The headline in Breaking Defense says it all: “LCS: Production Surges, Price Drops.” Once again a major acquisition program demonstrates a truism known by every commercial producer on the planet. Numbers matter when it comes to a manufacturer’s ability to achieve an efficient rate of production, move down the learning curve, get a good deal on materials and ultimately, lower the unit price to the customer. This is as true for commercial products as it is for defense items. Produce ten million iPhones a year and the cost per item is extremely low. Build just 20 B-2s, particularly when the plan had been to acquire up to 100, and each one costs over $1 billion.
Moreover, manufacturers design their production lines and develop supply chains based on calculation of the best ways to achieve efficiencies and minimize production costs informed by the expected annual production goal. Clearly, if the demand does not materialize or if the scale of the program is reduced, costs will rise. Think Ford’s Edsel. According to the latest GAO assessment, most of the recent Nunn-McCurdy breaches experienced by defense acquisition programs have been the result of reductions in the number of systems being acquired and not because of inefficiencies in their production.
The Littoral Combat Ship (LCS) program is a remarkable success story, particularly in light of its early difficulties and missteps. According to the data, the price of the Lockheed Martin variant of the LCS went from about $537 million for the first one, USS Freedom, to some $347 million for number nine, the USS Little Rock. The Navy’s decision to contract for a block buy of both variants of the LCS had much to do with the decline in price. A major redesign of the Marinette Marine shipyard that actually builds the ships by its new owner, Fincantieri, helped with workflow and reduced labor hours. Fincantieri invested more than $75 million of its own money in the facility, which it was able to do only because of the certainty that the Navy would stick with its procurement plans.
There are a number of similar examples. The cost of the F-35 Joint Strike Fighter has declined with each production contract reflecting, in particular, the impact of the workforce moving down the learning curve and investments in manufacturing advances to reduce labor and material costs. Once full rate production is achieved in Lockheed Martin’s state-of-the-art, highly automated production facility at Fort Worth, the cost of the F-35A is projected to be right on target at $85 million in then-year dollars. The collaboration between submarine makers Electric Boat and Huntington Ingalls on ways of improving construction of Virginia-class submarines resulted in cost savings sufficient to allow the Navy to order an additional boat per year for most of the next thirty years.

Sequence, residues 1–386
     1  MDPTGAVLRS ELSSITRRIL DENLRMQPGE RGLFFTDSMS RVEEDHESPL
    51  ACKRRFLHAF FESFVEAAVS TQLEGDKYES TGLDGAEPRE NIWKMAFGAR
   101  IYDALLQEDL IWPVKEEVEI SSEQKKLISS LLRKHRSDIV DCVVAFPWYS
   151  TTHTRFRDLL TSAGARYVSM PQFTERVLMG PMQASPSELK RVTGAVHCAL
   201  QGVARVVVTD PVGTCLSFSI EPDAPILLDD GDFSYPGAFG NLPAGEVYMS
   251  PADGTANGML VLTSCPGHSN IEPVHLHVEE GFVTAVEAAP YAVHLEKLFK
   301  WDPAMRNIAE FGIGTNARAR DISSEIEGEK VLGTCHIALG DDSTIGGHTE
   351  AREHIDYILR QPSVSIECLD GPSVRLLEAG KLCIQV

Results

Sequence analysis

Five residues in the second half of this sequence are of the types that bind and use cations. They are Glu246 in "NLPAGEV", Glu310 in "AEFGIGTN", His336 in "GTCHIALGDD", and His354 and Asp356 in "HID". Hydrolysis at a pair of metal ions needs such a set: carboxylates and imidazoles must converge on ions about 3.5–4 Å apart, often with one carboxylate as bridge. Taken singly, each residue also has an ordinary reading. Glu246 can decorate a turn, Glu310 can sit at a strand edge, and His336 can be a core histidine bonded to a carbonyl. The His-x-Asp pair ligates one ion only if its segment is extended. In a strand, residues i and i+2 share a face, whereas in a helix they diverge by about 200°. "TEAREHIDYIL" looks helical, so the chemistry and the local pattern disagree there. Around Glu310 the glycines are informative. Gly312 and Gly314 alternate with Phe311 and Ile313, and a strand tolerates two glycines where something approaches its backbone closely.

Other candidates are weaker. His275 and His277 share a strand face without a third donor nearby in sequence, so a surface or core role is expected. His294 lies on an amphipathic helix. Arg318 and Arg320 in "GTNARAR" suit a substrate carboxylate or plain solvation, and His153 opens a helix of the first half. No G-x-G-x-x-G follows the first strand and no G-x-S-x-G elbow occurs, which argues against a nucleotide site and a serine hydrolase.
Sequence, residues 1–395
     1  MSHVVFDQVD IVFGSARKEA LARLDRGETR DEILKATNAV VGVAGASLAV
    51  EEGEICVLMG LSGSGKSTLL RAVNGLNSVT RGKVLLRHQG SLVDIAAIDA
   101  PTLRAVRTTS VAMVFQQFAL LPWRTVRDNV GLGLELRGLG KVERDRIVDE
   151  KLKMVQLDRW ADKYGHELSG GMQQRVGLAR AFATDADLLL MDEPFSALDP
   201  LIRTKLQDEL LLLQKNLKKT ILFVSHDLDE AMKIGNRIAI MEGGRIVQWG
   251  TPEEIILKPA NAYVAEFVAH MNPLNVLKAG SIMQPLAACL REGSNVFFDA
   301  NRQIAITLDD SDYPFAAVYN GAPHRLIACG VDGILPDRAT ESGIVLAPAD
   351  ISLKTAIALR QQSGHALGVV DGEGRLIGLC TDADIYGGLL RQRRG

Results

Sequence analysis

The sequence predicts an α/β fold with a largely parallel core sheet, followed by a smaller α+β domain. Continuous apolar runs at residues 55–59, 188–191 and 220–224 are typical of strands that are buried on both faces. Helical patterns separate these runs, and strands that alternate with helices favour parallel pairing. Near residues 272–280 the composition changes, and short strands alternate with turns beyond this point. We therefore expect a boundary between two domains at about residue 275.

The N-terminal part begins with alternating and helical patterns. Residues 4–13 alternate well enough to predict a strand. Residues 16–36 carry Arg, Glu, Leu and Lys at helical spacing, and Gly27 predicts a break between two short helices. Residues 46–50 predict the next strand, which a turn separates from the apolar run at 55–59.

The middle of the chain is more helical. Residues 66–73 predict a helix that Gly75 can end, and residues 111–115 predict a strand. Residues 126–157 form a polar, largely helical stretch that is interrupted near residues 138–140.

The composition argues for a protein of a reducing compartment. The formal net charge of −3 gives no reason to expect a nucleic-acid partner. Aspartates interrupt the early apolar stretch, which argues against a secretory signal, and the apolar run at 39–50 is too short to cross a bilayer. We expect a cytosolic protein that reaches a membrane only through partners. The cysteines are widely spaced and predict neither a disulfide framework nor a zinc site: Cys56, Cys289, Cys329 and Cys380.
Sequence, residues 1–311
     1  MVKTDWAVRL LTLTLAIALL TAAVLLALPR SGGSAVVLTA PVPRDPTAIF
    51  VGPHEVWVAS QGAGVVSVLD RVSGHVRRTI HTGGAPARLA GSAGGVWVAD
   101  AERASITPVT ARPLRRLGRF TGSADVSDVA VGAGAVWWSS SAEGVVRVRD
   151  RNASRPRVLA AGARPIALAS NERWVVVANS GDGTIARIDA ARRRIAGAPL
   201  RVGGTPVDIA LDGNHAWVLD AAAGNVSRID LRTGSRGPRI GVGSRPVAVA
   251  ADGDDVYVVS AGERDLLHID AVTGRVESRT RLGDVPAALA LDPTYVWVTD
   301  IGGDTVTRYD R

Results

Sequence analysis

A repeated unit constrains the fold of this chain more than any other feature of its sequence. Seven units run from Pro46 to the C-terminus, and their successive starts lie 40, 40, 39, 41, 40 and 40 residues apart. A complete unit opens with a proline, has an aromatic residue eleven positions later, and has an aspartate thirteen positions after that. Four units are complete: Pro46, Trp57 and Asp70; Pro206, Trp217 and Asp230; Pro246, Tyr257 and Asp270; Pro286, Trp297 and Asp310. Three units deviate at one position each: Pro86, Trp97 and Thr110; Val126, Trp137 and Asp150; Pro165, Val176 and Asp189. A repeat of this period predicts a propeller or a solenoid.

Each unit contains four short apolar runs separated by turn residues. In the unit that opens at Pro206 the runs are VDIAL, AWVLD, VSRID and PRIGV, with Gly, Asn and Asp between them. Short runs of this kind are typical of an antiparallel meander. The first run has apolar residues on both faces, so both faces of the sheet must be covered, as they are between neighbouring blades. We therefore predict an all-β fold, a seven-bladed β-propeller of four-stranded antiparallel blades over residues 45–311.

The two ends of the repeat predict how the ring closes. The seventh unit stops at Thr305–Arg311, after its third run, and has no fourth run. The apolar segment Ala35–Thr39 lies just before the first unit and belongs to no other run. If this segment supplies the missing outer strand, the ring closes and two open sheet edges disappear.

Acquisition programs that maintain predictable funding and move over time to a steady and efficient rate of production virtually always achieve reductions in unit price. If this also involves multi-year procurements or block buys, where the contractors can procure materials and, in particular, long-lead items in economical ordering quantities, the savings can be even greater. The Army/Navy multi-year contract for Black Hawk helicopters saved the Pentagon over $1 million per aircraft. Similarly, the latest Navy multi-year contract for the V-22 Osprey is expected to achieve about $1 billion in savings. Since these are mature programs performing well down the learning curve, the savings are due largely to efficiencies in labor force, supply chain and production management.
The success of the LCS program also shines a light on another issue: concurrency or beginning production while a platform or system is still in development. This is now considered, to use Under Secretary of Defense Frank Kendall’s phrase, “acquisition malpractice.” But if the Pentagon waits until the design is letter perfect and fully tested, it will take years before efficient production is achieved. Moreover, if any production problems are discovered that require a redesign, it is very late in the game. This is one of the lessons learned in the space between the USS Freedom and Little Rock.
Find Archived Articles: